Kody Clark says most of what he knows of his famous father’s NHL career comes from watching old highlights on YouTube.
Born nine days into Wendel Clark’s final NHL season, Kody didn’t fully understand the significance of his dad’s 15-year, 793-game career until his early teens. Wendel became Toronto’s longtime captain and one of the franchise’s most popular players thanks to his physical style combined with a nose for the net.
“People would always come up. They’d always tell him 10-minute stories, five minute stories about how he impacted them,” he recalled. “After that happened a bunch of times, I was just like, ‘Holy crap’.
“I started to realize how big of an impact he had on a lot of Leafs fans and hockey fans. Up until then, I just thought he was a dad. Didn’t really realize.”
Now hoping to become an NHL player in his own right, Kody cut back his time on the golf course over the summer in an effort to improve his off-season training program heading into his second Ontario Hockey League season with the Ottawa 67’s.
The results are evident three games into his NHL draft season. Kody has come back to the 67’s an inch taller and with an added 10 pounds to his frame, something scouts have taken note of.
“He’s certainly improved his foot speed, he’s a lot quicker,” said Ben Gallant, a scout with ISS Hockey. “He was always a guy that was pretty quick to get in on the forecheck and try turn pucks over, but with the extra weight, and the extra size, it’s helping him out a lot more.”
An avid golfer away from the rink, Kody showed off his added size and strength in last Friday’s 4-3 win over the Mississauga Steelheads, racing down the right wing and beating Jacob Ingham with a slap shot from the face-off dot for his first goal of the season.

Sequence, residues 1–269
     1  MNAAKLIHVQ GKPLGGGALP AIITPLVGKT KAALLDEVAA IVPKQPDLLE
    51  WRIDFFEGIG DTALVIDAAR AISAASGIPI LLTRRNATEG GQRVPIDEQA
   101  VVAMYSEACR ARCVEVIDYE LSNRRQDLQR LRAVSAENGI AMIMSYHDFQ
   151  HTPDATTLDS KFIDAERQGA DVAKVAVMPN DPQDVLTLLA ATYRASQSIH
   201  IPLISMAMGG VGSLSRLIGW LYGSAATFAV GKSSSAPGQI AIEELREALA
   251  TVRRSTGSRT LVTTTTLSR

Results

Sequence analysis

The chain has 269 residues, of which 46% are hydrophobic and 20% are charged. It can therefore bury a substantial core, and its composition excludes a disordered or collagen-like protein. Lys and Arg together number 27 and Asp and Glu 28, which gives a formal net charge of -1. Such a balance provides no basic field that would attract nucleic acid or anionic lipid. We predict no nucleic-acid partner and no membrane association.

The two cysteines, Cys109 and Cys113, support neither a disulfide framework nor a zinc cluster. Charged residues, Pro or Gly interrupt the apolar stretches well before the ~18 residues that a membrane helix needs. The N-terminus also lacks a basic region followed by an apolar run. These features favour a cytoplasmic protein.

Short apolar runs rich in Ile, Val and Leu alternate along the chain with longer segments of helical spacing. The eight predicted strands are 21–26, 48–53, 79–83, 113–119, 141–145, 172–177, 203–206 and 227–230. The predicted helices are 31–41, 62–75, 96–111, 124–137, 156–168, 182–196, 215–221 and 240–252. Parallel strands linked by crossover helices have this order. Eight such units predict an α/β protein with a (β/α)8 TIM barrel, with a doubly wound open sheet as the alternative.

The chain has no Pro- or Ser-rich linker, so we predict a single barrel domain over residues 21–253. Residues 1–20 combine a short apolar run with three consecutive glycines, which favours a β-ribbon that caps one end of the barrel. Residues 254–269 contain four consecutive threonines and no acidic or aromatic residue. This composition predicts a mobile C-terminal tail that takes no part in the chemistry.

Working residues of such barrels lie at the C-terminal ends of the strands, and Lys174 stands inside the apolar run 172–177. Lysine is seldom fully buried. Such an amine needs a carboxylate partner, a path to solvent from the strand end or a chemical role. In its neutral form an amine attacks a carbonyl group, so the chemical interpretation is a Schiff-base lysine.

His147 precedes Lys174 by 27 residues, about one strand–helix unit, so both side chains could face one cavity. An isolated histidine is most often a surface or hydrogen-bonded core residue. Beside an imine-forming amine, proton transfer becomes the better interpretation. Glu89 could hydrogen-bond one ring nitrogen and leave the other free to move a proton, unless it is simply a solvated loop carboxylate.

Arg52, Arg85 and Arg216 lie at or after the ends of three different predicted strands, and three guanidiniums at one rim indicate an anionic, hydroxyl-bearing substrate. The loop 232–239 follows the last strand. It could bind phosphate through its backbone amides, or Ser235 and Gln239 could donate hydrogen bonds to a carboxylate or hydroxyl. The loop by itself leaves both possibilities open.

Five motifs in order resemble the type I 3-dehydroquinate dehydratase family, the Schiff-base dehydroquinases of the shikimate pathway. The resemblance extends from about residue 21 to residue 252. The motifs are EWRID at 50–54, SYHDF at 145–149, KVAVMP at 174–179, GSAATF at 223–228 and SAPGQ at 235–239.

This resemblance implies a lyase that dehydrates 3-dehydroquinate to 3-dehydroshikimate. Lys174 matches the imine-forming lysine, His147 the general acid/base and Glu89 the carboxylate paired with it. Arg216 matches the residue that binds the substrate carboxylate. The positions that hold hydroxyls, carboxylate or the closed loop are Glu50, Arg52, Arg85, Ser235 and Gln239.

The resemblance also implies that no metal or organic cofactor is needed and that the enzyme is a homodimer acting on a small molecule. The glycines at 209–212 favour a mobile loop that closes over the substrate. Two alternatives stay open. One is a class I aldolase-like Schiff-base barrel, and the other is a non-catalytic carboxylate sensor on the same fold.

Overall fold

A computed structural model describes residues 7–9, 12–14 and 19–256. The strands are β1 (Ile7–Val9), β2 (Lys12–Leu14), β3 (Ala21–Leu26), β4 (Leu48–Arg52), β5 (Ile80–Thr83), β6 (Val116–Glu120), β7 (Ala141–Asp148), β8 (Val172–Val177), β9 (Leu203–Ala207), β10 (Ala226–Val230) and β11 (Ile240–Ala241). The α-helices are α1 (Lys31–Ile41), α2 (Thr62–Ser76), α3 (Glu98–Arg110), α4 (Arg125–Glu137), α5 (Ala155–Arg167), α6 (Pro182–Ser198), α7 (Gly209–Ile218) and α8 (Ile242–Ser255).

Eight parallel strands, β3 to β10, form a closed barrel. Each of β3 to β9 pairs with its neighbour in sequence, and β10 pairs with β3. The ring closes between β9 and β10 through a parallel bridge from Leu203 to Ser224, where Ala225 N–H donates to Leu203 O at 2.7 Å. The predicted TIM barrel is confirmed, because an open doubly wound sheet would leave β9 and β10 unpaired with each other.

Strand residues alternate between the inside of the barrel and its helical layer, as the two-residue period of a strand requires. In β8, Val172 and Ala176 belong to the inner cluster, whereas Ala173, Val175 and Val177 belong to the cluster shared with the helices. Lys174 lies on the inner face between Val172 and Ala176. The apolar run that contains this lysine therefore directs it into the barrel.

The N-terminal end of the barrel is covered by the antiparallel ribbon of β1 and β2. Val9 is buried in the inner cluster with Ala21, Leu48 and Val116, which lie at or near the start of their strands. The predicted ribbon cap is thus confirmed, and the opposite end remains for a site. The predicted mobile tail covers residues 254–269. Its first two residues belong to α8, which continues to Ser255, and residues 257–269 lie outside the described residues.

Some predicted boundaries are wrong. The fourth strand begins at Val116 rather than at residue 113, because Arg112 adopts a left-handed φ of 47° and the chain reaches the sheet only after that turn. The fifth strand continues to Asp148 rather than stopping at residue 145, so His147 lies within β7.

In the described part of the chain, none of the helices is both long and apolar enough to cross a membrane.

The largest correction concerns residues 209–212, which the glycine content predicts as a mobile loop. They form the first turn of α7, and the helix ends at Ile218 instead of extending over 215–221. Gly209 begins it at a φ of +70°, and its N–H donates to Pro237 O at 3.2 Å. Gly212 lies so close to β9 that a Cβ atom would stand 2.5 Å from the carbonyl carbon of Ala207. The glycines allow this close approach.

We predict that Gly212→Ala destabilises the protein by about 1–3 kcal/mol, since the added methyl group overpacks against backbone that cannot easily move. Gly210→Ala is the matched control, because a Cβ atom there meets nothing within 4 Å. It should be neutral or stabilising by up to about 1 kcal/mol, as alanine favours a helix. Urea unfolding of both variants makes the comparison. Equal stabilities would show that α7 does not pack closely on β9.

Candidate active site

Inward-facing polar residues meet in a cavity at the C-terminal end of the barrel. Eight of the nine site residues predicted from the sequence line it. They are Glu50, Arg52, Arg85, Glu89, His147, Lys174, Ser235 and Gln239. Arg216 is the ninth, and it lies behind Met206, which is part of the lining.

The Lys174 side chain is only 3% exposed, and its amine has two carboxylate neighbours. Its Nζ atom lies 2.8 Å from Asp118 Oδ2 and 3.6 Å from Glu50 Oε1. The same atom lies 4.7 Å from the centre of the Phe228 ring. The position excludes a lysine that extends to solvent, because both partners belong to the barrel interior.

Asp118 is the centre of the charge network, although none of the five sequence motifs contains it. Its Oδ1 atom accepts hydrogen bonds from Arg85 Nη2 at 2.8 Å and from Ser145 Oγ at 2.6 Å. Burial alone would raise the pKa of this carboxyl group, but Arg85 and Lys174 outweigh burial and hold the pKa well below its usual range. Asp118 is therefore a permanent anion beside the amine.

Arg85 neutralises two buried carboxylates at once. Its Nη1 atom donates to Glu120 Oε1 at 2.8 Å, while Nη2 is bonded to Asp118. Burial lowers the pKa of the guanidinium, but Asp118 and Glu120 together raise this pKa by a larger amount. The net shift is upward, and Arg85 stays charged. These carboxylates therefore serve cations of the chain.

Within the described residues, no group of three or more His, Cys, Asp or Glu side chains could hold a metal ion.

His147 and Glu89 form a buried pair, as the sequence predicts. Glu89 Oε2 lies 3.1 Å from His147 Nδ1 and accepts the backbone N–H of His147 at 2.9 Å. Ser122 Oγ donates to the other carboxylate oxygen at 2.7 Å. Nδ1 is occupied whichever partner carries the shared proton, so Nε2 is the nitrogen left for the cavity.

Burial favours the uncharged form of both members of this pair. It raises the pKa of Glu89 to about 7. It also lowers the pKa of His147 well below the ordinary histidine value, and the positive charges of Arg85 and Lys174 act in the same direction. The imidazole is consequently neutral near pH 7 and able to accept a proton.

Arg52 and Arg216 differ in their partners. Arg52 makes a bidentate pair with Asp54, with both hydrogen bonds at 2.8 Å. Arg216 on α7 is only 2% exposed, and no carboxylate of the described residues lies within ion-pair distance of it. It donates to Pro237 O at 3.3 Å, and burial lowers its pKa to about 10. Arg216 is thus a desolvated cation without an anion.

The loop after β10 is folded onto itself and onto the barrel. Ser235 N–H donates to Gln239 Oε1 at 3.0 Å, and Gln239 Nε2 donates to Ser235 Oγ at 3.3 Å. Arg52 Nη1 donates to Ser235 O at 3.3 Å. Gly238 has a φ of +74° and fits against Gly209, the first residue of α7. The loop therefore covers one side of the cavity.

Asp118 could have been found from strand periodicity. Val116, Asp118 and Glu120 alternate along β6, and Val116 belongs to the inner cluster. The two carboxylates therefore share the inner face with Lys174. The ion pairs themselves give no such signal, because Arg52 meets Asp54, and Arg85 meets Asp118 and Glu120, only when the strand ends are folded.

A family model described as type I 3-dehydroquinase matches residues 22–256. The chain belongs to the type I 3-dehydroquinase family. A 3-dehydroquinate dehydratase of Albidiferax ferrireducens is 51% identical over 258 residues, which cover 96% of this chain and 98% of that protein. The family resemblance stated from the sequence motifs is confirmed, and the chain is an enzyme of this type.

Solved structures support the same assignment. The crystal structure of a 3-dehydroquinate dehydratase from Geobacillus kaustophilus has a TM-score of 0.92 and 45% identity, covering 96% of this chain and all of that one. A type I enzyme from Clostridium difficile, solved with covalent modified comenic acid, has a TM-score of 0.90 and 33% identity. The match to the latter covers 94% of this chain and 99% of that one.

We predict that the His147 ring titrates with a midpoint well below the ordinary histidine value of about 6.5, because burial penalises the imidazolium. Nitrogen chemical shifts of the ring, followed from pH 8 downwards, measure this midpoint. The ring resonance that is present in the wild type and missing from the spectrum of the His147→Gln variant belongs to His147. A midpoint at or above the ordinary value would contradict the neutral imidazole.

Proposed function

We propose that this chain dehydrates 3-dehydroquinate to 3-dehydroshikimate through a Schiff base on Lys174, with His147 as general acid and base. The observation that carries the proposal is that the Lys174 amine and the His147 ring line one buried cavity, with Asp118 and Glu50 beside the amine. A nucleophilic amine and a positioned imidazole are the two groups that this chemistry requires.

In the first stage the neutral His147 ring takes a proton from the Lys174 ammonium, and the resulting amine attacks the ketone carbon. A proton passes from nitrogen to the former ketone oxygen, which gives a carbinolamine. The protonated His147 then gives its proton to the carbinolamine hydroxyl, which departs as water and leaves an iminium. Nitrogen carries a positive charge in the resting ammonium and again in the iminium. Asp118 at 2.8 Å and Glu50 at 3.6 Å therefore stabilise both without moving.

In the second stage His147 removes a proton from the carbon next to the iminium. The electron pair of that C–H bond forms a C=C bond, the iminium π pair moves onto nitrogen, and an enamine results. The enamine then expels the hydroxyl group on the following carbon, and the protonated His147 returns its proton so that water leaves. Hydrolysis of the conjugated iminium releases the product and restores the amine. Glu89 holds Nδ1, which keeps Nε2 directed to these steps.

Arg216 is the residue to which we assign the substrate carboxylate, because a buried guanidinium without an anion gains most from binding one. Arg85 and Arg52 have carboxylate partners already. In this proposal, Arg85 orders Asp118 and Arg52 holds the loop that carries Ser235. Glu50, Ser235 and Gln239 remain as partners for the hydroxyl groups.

Though there are few similarities between the Clarks’ games, Wendel believes there are some resemblances in their skating styles.
“He skates a lot the same and as he gets stronger, the shooting is getting stronger,” he said. “By the time he turns 20, is when he’ll be closer to his real weight.”
Living in a hockey-crazed Toronto market, Wendel never hesitated to enrol Kody in minor hockey in the GTA, but said Kody dealt with issues his teammates didn’t because of his last name.
“Growing up in Toronto, everybody wants to see how tough you are all the time,” he said. “That’s one of the things that he went through at a younger age even before hitting was starting and into hitting. He had to learn to take care of himself even though he didn’t play that way.”
Wendel coached Kody during in minor hockey, but now enjoys watching from the stands. They still talk on the phone almost everyday.
“Mostly just after games it’s about hockey,” Kody said. “He just says work hard and everything will take care of itself. Don’t get too caught up in points and stuff like that, just keep working hard and they’ll come.”
Described as a hybrid between a power forward and an energy guy, the six-foot-one, 180-pound Toronto native isn’t afraid to be physical. Ottawa coach Andre Tourigny uses Kody on the power play and as his responsibilities increase, Kody will also be used on the penalty kill this season.
The 17-year-old, who tries to model is game after Colorado Avalanche forward Nathan MacKinnon, is projected to be a third-line player at the NHL level that can contribute on special teams.
“His skating would still have to get a little bit better, because the game is getting so much faster,” said Gallant. “Continue to add strength, but that’s just physical strength as he continues to get older.”
Following his dad’s footsteps to the NHL will be a longer process for Kody. Wendel was the first overall selection at the 1985 NHL draft, but Kody isn’t expected to have his name called until at least the fourth round.